Bailey is healthy, eager to help Kennett win
CONWAY — If you like sports, or even if you don’t, you’ll want to root for Camden Bailey this fall. Entering his sophomore year at Kennett High School, Camden has his sights set on being the extra point kicker for the varsity football team, and the starting quarterback for the junior varsity Eagles.
Those seem like realistic goals this fall. A year ago, those goals were more like a dream put on hold for Camden — he was engaged in something much more important, he was battling cancer the best way he knew how — head-on, with a smile on his face most of the time and knowing he had an army of supporters in his corner. He was/is “Camden Strong” and his peeps became Camden’s Crusaders.
In March of 2018, Camden 15, the son of Jen and Chris Bailey of Jackson was diagnosed with osteosarcoma, and less than three months later he underwent a cutting-edge surgery, called rotationplasty, which is a partial amputation of his left leg, and that preserved a cancer-free lower leg and foot.
Camden is doing great in his recovery. He only has an antibiotic to take. His story is a pretty amazing one, and he’ll be sharing it with the nation beginning Tuesday when he is featured on the 18th annual WEEI/NESN Jimmy Fund Radio-Telethon.
“Over the span of 36 hours and two Boston Red Sox games, the broadcast will feature inspiring stories from patients, doctors, researchers and athletes,” the Jimmy Fund website states. “In 2018, the event raised an incredible $4.4 million to support Dana-Farber’s lifesaving mission.”
Asked to sum up the past year in one word, Camden was quick to answer “supportive.”
“The community, and everyone, including Boston, has been so supportive,” he said. “I’ve gotten to know so many doctors and nurses, they’re great.”
Always a competitive athlete, Camden was finishing up his eighth-grade season of basketball at the Josiah Bartlett Elementary School in January of 2018. He was looking forward to trying out and playing AAU basketball. Like any growing teen who plays sports, Camden had various aches and pains, but he noticed something.
“My knee was hurting,” he said. “I played through the pain.”
A month of icing and not playing, led him to think he had improved to the point he was ready for AAU tryouts.
“He didn’t know why it hurt,” Chris, 49, a social studies teacher at Kennett High School and also a standout athlete in his own right (he was elected to the KHS Sports Hall of Fame), said. “He couldn’t think of an injury which should have been more of red flag for us. He was telling us that it was getting better.”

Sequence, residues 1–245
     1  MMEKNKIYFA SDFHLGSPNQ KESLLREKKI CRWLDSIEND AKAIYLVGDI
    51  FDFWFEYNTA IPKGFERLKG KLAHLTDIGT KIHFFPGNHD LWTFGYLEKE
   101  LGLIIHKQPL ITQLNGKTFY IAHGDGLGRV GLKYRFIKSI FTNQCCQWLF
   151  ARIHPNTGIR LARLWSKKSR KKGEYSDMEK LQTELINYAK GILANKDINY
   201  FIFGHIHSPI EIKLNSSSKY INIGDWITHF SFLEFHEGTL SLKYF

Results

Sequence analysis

“My wife called me at work crying in hysterics, starting the conversation with, ‘It’s the worst news ever, Camden probably has cancer,’” Bailey recalled. “It was heartbreaking. How could a normal, healthy, athletic boy be given such a shocking diagnosis? Our world turned upside down at that moment and all of our lives were changed forever, most importantly Camden’s.”
He added: “The only way I can explain what it has been like to people that ask is that it has been a surreal experience. There have been many days when we have asked ourselves is this really happening.”
The Baileys, dad and mom, both school teachers (Jen, 46, at Josiah Bartlett Elementary School), Camden and his brothers, Braeden, 17, a senior at Kennett, and Daven, 13, a seventh-grader at JBES, saw their world change on March 21, 2018. They also saw an incredible outpouring of support from the community. “Camden Strong” was on business billboards, the back of Kennett High field hockey sticks, ice hockey, baseball and football helmets. Camden’s Crusaders, created by Sandra Yamartino, became a support group for the family, staging fundraisers, providing meals or just a simple, “we’re here for you” email.
“This community is amazing,” Camden said. “I never could have imagined I would get so much support.”
Camden started treatment on April 11, 2018.
“The course of treatment was 40 weeks,” Bailey said. “In the beginning, it was three weeks of chemo in a row followed by three weeks off to recover. In July, after his rotationplasty surgery, he switched to a new protocol and that was essentially two weeks of chemo followed by two weeks off. Of course, there were delays because his ‘numbers’ weren’t good enough and he was hospitalized a few times because his numbers were so low. He also had the two lung surgeries, so with everything, it was almost exactly a year. He was diagnosed at the end of March 2018 and finished his last chemo treatment in the middle of March 2019.”
The family was given options of where they would like the treatment to take place.
“We could have done it at Maine Med., Dartmouth-Hitchcock or Dana-Farber/Boston Children’s Hospital,” Bailey said. “We were fine with those choices, but (Maine Med. and Dartmouth-Hitchcock) would have meant all of (Camden’s) treatments would have been in-patient, so he would have been hospitalized four or five days at a time. At the Jimmy Fund, all but the first one were done outpatient, so you go to the clinic during the day and you leave for the night, and just go back the next day. We were willing to make the sacrifice to stay in Boston.”
“And the benefits,” Camden added.